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    Californian Agriculture Suffers Under the Pandemic

    The coronavirus pandemic has dealt an unprecedented blow to California’s agriculture industry, disrupting its supply chain and export market, and modifying the consumers’ buying patterns (their interest in foods with longer shelf lives has surged, for example). The cumulative losses in the sector are projected to be between USD 5.9 and 8.6 billion, but the effects of such losses are much more impactful on the poor and rural communities (in the rural regions, unemployment rates range from 27% to 81%).

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    For struggling SA chicken producers, post-Covid-19 world promises a flood of imports

    The South African poultry sector will probably face a difficult period in the near future, as producers estimate that large chicken imports will flow in the country after the coronavirus pandemic, because of the US’ and Europe’s dumping behaviour. This phenomenon impacts on the country’s domestic producers, who get pushed out of the market because of the imported chicken’s low prices. This is due to the fact that South Africa opened up its domestic market to the international competition by reducing tariffs, and reduced support to the local producers.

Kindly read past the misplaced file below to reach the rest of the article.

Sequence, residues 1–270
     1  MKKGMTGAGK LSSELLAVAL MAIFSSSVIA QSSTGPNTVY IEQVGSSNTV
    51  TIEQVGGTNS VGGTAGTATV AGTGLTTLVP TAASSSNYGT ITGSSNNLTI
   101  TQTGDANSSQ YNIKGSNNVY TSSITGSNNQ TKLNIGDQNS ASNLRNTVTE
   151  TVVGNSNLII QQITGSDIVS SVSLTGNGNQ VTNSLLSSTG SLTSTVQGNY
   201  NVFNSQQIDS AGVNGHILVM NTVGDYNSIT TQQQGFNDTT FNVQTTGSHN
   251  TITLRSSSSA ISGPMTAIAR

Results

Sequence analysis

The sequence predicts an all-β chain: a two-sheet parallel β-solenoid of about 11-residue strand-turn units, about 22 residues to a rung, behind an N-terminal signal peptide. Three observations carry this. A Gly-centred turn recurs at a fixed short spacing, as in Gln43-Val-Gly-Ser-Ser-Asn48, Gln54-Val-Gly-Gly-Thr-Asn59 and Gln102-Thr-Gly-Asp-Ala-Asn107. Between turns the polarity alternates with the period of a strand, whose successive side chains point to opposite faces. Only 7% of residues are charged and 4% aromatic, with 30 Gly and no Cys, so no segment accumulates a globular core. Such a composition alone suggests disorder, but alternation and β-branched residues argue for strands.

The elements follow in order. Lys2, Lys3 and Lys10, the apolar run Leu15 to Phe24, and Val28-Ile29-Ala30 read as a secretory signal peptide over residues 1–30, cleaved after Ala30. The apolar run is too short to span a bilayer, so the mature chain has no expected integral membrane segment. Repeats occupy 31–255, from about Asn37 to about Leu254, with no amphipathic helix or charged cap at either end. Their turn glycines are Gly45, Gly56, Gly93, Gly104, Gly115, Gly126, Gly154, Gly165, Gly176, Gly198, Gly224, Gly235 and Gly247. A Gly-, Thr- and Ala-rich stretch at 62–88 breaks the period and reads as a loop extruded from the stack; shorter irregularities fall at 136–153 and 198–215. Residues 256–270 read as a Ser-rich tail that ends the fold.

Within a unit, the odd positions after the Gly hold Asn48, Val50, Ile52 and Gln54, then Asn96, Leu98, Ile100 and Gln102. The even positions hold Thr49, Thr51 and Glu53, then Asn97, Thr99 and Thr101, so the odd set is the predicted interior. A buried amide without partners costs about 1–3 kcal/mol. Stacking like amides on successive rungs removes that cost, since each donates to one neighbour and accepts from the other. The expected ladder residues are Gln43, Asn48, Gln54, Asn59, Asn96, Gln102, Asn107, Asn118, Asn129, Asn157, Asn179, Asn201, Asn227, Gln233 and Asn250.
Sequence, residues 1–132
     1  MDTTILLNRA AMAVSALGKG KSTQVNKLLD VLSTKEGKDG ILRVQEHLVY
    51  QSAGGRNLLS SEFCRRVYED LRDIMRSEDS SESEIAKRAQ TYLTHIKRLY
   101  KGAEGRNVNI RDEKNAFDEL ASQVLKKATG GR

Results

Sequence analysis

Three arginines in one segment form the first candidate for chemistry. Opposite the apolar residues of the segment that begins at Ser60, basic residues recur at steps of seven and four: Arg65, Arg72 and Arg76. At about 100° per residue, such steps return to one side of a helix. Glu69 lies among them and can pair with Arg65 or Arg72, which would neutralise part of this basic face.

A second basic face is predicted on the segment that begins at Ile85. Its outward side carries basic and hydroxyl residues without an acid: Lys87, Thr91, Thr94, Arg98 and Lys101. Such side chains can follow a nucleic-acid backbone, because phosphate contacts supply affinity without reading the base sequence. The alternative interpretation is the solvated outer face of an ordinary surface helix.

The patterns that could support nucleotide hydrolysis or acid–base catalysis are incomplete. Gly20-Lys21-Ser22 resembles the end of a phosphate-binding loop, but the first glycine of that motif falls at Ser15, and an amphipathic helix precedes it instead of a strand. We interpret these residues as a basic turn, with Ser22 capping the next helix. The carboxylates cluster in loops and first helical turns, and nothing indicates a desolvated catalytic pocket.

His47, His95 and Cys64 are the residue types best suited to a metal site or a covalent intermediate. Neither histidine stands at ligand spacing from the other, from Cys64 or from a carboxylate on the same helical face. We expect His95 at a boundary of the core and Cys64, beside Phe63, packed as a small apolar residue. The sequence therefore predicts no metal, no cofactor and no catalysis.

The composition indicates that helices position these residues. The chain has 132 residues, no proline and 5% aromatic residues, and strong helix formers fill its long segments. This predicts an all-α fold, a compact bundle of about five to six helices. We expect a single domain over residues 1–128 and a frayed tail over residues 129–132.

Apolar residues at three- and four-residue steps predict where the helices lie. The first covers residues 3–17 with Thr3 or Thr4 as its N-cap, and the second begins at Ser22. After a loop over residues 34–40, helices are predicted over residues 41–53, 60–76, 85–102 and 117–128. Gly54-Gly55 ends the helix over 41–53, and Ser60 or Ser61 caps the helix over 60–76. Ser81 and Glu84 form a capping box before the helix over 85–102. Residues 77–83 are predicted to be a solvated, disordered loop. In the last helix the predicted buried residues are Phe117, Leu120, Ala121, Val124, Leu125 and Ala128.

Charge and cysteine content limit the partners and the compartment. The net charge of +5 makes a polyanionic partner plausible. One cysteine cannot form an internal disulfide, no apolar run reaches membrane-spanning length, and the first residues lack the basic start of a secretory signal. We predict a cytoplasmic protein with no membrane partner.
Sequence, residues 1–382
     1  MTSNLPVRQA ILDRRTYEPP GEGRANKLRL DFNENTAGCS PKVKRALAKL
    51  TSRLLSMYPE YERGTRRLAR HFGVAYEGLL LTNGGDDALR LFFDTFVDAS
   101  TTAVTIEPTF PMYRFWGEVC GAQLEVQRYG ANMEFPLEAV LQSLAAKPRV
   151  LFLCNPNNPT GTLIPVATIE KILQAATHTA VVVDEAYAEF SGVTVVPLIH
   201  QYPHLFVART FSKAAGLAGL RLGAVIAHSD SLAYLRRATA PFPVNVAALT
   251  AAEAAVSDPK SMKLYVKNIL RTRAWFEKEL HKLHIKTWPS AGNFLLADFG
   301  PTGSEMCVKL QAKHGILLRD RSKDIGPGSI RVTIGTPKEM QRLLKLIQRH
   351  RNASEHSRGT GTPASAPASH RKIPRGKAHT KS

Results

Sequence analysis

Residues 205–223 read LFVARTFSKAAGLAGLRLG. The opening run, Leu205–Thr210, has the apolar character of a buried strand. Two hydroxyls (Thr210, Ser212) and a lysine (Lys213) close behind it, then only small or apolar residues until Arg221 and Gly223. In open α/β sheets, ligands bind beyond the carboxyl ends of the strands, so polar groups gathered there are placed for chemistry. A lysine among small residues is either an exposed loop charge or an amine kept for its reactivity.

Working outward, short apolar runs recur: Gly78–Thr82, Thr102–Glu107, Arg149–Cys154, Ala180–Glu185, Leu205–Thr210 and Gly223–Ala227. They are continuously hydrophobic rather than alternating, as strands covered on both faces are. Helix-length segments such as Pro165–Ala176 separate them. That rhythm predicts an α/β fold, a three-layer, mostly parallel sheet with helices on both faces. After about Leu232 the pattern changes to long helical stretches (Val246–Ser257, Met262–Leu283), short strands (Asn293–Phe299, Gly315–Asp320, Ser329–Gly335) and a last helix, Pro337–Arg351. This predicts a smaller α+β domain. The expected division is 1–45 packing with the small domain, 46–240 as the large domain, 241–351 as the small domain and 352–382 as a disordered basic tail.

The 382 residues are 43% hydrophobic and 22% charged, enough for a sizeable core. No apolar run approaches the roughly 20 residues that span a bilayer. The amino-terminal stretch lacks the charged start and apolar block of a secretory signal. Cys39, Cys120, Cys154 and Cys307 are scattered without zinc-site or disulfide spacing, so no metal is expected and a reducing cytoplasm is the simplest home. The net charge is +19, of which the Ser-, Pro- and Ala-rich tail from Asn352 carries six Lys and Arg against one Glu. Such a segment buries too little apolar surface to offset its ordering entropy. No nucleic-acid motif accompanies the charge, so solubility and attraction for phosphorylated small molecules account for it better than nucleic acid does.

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    IMPACT ON COMMODITIES AND FOOD PRICES